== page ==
[The ongoing destruction of the Amazon is taking place because of
policy choices made by those who now rule Brazil]
[https://portside.org/] 

 FIRES ARE DEVOURING THE AMAZON. AND JAIR BOLSONARO IS TO BLAME  
[https://portside.org/2019-08-27/fires-are-devouring-amazon-and-jair-bolsonaro-blame]


 

 David Miranda 
 August 26, 2019
The Guardian
[https://www.theguardian.com/commentisfree/2019/aug/26/fires-are-devouring-the-amazon-and-jair-bolsonaro-is-to-blame]


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 _ The ongoing destruction of the Amazon is taking place because of
policy choices made by those who now rule Brazil _ 

 The raging fires have become so potent that the smoke they generate
plunged the Western Hemisphere’s largest city, São Paulo, into
total darkness’ , Victor Moriyama/AFP/Getty Images 

 

As the world watches in horror and terror as the Amazon burns,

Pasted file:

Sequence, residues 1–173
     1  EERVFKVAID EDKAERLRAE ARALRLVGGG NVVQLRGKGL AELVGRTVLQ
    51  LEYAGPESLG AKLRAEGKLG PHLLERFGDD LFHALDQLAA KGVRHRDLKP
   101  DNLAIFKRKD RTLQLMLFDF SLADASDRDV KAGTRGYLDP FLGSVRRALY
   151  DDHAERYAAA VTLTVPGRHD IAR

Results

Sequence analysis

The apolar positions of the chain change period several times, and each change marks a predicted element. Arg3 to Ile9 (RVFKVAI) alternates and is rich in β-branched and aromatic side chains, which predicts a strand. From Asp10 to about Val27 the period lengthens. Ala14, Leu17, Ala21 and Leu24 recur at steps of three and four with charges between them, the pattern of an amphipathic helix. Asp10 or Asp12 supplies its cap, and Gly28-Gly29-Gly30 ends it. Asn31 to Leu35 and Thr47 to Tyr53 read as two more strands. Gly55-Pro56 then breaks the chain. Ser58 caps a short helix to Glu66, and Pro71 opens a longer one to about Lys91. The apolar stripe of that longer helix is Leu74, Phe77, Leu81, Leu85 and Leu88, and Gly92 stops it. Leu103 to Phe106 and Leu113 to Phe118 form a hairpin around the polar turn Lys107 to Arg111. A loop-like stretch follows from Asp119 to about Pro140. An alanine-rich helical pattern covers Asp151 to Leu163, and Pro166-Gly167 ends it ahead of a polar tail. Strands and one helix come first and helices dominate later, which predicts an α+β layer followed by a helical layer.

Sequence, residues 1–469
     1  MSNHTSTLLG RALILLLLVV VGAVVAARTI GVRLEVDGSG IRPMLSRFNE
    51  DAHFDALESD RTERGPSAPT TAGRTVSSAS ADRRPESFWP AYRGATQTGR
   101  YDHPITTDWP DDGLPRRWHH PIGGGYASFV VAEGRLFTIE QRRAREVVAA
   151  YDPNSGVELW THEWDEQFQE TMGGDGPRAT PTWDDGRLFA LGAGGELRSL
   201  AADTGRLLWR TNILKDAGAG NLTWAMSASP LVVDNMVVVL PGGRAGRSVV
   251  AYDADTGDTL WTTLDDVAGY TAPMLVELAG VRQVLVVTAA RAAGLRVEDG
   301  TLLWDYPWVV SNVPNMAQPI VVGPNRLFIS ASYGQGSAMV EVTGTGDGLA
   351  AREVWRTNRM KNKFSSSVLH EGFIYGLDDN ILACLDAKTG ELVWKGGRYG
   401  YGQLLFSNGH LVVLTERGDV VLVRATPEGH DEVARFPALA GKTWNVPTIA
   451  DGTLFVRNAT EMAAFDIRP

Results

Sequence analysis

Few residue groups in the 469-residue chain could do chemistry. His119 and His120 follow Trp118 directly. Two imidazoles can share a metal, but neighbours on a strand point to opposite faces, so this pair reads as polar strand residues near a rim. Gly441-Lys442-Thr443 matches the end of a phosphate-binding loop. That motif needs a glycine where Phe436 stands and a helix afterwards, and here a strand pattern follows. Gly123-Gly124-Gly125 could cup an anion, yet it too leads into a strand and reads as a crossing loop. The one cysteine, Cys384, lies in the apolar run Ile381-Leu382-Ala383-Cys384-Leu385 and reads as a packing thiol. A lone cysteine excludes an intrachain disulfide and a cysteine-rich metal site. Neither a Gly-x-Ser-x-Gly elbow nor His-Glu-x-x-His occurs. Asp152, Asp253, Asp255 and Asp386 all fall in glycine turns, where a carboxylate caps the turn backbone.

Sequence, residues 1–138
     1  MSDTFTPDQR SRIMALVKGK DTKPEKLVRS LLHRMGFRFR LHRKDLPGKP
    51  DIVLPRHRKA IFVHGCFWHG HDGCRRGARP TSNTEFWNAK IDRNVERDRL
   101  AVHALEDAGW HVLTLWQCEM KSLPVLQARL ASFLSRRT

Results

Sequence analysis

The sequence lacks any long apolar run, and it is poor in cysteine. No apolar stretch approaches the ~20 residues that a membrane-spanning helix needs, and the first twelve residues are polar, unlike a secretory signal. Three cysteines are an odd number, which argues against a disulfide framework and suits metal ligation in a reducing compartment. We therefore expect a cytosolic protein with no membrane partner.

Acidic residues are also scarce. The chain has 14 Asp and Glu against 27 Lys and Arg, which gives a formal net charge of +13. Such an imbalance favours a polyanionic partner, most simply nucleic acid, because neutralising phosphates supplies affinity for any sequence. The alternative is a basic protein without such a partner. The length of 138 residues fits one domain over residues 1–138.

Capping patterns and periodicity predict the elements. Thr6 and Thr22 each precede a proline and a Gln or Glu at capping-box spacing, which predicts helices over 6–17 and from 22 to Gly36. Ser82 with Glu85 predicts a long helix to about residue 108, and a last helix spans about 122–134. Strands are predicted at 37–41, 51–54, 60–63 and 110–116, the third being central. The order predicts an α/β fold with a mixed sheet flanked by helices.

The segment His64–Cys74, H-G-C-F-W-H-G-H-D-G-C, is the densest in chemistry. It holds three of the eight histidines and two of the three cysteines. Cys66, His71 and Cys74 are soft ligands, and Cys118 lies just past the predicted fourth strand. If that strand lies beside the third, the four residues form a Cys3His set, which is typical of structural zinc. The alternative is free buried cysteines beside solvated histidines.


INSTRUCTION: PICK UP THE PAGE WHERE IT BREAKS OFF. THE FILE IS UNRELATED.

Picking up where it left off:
scientists have made clear that the cause, principally if not
entirely, is human activity.

Here in Brazil [https://www.theguardian.com/world/brazil], that human
activity has human names and faces: those of Jair Bolsonaro, the
Brazilian president, and his extremist environment minister, Ricardo
Salles. They have not merely permitted these devastating fires, but
have encouraged and fueled them.

They have done so with a toxic brew of radical ideology, political
corruption and banal greed. Put simply, the ongoing destruction of the
Amazon is taking place because of policy choices made by those who now
rule Brazil.

The magnitude of these fires, and the severity of the dangers they
pose to the world, have been widely demonstrated over the last week.
As the New York Times reported on Wednesday, the National Institute
for Space Research documented that it “had detected 39,194 fires
this year in the world’s largest rain forest, a 77% increase from
the same period in 2018”.

The raging fires have become so potent that the smoke they generate
plunged the western hemisphere’s largest city, São Paulo, into
total darkness in the middle of the day on Tuesday. What was
particularly shocking about that sudden event was that the Amazonian
fires are hundreds of miles away from that city, but have become so
dense and overwhelming that they snuffed out light in that distant
major metropolis.

To the extent one can locate any silver lining in this literal dark